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Pagan's Mind - Infinity Divine CD (album) cover

INFINITY DIVINE

Pagan's Mind

Progressive Metal


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4 stars i've listened to the remastered version of infinity divine and it is really well written and produced i can't really compare it ot the original version because now the album is more tighter and cleaner sounding , especially with the two bonus tracks added "embracing fear 2004" and a King diamond cover " at the graves" .in all a good album but i really like "Celestial entrance" more.
Report this review (#31632)
Posted Saturday, January 29, 2005 | Review Permalink
sleeper
PROG REVIEWER
2 stars Infinity Divine is the debut album from this Norwegian band, an album that is solidly rooted in power metal, and if truth be-told, is rather lacking in the progressive element.

The album starts with a spacey, keyboard led instrumental piece that just serves to lead into the opening song, Caught In A Dream, and it will be a while before you here anything that really sounds different to anything else. In fact, the only song that does stand out on here is the final track, the eight minute A New Beginning (which is the closest song you get to an epic here), witch starts similarly to the rest of the tracks but moves to explore new textures and moods in the middle of the song before having a final blast to end the song. This constant change of tone and mood in the song makes this the only really progressive track on the album.

Of the rest of the music, it all seems a bit too formulaic to be really interesting. This is not the kind of music that will stimulate the mind, not that its lacking in the enjoyment department. In fact this is its strength, it's an album that doesn't require too much mental work to listen to what's going on but for those that enjoy the heavy metal side of music as much as the prog, this will go down OK.

The musicianship here is at a pretty high standard with clear singing, strong drumming, powerful guitar lines, interesting bass (when you can here it) and great keyboard and guitar solos. Sadly the songs are largely all constructed the same way so its hard to really pick out any stand out songs here beyond the aforementioned A New Beginning, but Embracing Fear has a strong, driving quality to it and Astral Projection starts and ends with a very nice riff that does stand out from the rest of the album.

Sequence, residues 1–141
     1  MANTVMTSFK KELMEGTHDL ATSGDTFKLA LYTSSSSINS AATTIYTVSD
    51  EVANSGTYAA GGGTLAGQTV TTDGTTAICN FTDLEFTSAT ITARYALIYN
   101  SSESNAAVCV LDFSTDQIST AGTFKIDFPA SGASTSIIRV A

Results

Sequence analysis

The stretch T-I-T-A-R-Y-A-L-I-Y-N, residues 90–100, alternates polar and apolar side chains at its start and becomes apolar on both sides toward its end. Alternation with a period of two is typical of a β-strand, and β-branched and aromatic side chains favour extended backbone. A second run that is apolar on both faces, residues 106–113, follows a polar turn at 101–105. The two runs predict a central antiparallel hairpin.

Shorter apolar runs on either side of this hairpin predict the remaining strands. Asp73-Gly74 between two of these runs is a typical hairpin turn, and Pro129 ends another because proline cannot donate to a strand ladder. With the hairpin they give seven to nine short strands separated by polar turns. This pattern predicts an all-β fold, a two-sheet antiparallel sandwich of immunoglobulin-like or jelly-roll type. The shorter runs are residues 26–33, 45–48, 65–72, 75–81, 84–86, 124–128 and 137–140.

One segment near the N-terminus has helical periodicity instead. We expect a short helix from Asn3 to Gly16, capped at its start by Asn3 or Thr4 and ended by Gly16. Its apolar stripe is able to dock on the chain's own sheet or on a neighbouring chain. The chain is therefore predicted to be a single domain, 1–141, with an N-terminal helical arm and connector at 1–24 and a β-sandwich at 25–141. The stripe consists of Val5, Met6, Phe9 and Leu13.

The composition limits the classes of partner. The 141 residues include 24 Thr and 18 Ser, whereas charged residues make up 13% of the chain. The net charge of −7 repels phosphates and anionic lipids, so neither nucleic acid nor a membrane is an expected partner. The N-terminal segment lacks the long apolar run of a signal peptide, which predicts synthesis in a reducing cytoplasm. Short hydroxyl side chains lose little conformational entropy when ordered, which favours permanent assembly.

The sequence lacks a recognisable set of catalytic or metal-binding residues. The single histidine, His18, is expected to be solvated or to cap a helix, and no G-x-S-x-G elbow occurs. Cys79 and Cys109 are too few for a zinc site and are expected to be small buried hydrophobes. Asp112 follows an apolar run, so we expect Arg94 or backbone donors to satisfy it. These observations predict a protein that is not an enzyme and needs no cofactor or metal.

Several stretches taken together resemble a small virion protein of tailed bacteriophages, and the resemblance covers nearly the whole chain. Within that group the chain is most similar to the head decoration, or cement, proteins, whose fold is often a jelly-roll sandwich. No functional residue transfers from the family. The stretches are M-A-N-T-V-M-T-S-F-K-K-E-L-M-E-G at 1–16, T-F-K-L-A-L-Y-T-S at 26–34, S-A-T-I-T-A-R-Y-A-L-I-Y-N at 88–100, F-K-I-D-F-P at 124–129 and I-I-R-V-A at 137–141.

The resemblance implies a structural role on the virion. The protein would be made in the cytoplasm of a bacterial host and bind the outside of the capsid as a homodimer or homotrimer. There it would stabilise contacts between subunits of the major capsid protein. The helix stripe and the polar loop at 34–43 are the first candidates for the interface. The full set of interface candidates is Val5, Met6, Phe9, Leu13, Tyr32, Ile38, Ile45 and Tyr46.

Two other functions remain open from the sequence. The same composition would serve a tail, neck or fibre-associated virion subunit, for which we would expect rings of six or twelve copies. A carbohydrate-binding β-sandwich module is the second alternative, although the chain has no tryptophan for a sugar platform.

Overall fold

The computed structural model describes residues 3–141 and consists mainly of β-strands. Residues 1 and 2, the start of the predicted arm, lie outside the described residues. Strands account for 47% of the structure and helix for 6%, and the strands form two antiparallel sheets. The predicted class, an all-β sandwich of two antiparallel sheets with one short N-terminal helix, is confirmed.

As a metal album I would have given it 3 stars as it is highly enjoyable but a little formulaic leaving only a couple of tracks to really stand out. I only give it 2 stars here because it is near totally devoid of prog except for the closing track and so really would be only for fans of Pagans Mind.

Of the 2004 re-master it adds two bonus songs. The first of these is a re-make of Embracing Fear. The song has a new, harder, cleaner edge too it but the feeling that made it stand out on this album from the rest of the songs for me is gone, leaving the song just as anonymous as the rest of the songs. The second bonus track is a cover of King Diamonds At The Graves, featuring guest solo performances from Glen Drover and Gus G. In all seriousness, this is one of the cheesiest songs that I have ever heard. The music is rather good and the guest solos spots are performed admirably, but the lyrics are just plain terrible and cringe worthy.

Report this review (#105468)
Posted Wednesday, January 3, 2007 | Review Permalink
progrules
PROG REVIEWER
4 stars This debut by Pagan's Mind has actually an interesting build up. But first let me state that I'm reviewing the 2004 re-issue and this one has some significant differences compared to the original. Not only does it contain the King Diamond's cover At the Graves but there are also some differences in length of the songs. Most songs on the re-issue are shorter except A new beginning which is half a minute longer. And also the re-issue misses out on Moonlight pact. I never heard the original so I don't even know what that song is like. And the strange thing is that the re-issue does a double performance of Embracing fear, calling the second one Embracing fear 2004 and the worst thing is: the 2004 edition is far less than the earlier (track 4). So that means they could have left it out and place Moonlight pact instead on the re-issue. These producers move in mysterious ways sometimes.

But anyway, now the review. I was talking about the build up of this album. First 3 songs after the short introduction to Paganism (nice invention) are truly awesome to me with Caught in a dream as absolute highlight. But then the album diminishes in quality until the 7th track (Dwaning of the Nemesis) reaching it's lowest point and then gets better and better again until the closing bonus track reaching another highlight with A new Beginning. That's where the build is concerned. The style of Pagan's Mind is one that I absolutely love a lot. It's the exact right kind of prog metal for me, great up tempo speed, excellent drumming and good instrumental performances. The compositions are not the most brilliant you will ever hear but there is not much wrong with them. It's just the vocals that are not really 100 % my cup of tea but I have to say, you get used to them after some time and I can live with them.

The overall feeling is very positive for me and I can only give this one rating: 4 stars (3,8 to be precise).

Report this review (#164500)
Posted Friday, March 21, 2008 | Review Permalink
Gatot
SPECIAL COLLABORATOR
Honorary Collaborator